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The Political Economy of Educational Content and Development: Lessons from History

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  • Davide Cantoni
  • Noam Yuchtman

Abstract

Beyond years of schooling, educational content can play an important role in the process of economic development. Individuals’ choices of educational content are often shaped by the political economy of government policies that determine the incentives to acquire various skills. We first present a model in which differences in human capital investments emerge as an equilibrium outcome of private decisions and government policy choices. We then illustrate these dynamics in two historical circumstances. In medieval Europe, states and the Church found individuals trained in Roman law valuable, and eventually supported productive investments in this new form of human capital. In late 19th-century China, elites were threatened by the introduction of Western science and engineering and continued to select civil servants—who enjoyed substantial rents—based on their knowledge of the Confucian classics; as a result, investments in productive, modern human capital were not made.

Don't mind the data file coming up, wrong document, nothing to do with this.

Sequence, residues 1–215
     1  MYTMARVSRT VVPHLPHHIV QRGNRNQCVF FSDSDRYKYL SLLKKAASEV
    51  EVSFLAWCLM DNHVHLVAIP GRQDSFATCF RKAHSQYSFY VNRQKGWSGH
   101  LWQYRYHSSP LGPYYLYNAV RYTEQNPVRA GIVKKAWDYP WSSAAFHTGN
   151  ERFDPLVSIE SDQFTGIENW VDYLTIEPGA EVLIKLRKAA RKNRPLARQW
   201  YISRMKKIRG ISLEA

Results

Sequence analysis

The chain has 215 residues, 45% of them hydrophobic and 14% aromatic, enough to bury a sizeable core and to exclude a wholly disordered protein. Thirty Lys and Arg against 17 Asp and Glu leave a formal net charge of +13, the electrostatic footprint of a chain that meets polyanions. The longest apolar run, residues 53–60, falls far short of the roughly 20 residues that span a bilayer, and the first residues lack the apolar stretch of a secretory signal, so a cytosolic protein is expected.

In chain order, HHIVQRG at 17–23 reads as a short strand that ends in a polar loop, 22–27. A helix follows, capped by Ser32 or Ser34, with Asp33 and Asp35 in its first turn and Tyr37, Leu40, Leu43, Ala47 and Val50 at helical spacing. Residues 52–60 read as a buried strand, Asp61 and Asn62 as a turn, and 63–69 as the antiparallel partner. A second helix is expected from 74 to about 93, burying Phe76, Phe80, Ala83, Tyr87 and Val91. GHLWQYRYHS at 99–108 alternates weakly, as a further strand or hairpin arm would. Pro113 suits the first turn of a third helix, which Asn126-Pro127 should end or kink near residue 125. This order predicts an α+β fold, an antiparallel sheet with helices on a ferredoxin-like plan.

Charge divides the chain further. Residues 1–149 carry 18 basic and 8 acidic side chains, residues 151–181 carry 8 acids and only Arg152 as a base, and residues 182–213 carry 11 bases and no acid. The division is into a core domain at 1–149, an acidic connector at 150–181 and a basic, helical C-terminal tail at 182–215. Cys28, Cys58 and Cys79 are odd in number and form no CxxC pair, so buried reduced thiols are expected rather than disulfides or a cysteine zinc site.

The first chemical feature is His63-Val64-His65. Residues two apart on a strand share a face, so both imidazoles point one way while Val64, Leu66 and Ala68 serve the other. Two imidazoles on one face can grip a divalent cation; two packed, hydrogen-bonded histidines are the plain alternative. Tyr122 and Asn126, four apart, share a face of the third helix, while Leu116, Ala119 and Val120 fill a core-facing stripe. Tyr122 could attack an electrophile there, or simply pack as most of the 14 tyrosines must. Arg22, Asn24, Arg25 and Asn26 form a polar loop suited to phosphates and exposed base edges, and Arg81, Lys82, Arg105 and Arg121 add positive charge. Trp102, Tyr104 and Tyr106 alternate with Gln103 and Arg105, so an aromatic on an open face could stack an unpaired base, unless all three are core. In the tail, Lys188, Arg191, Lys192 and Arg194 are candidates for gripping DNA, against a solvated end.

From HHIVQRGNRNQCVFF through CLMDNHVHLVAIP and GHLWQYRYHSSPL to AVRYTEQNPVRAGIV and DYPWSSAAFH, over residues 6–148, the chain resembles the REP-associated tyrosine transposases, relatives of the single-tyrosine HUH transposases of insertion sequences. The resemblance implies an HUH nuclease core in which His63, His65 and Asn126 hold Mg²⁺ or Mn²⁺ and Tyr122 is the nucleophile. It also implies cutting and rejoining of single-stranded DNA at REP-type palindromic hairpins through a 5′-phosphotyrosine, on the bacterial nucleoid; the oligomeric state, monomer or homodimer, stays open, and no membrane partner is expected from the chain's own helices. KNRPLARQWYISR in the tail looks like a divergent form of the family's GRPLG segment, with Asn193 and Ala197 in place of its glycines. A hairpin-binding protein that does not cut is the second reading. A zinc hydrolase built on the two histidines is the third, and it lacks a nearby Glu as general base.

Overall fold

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Paper provided by CESifo Group Munich in its series CESifo Working Paper Series with number 4221.

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Date of creation: 2013
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Handle: RePEc:ces:ceswps:_4221

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Keywords: educational content; educational institutions; political economy; development;

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Cited by:
  1. Davide Cantoni & Noam Yuchtman, 2012. "Medieval Universities, Legal Institutions, and the Commercial Revolution," NBER Working Papers 17979, National Bureau of Economic Research, Inc.

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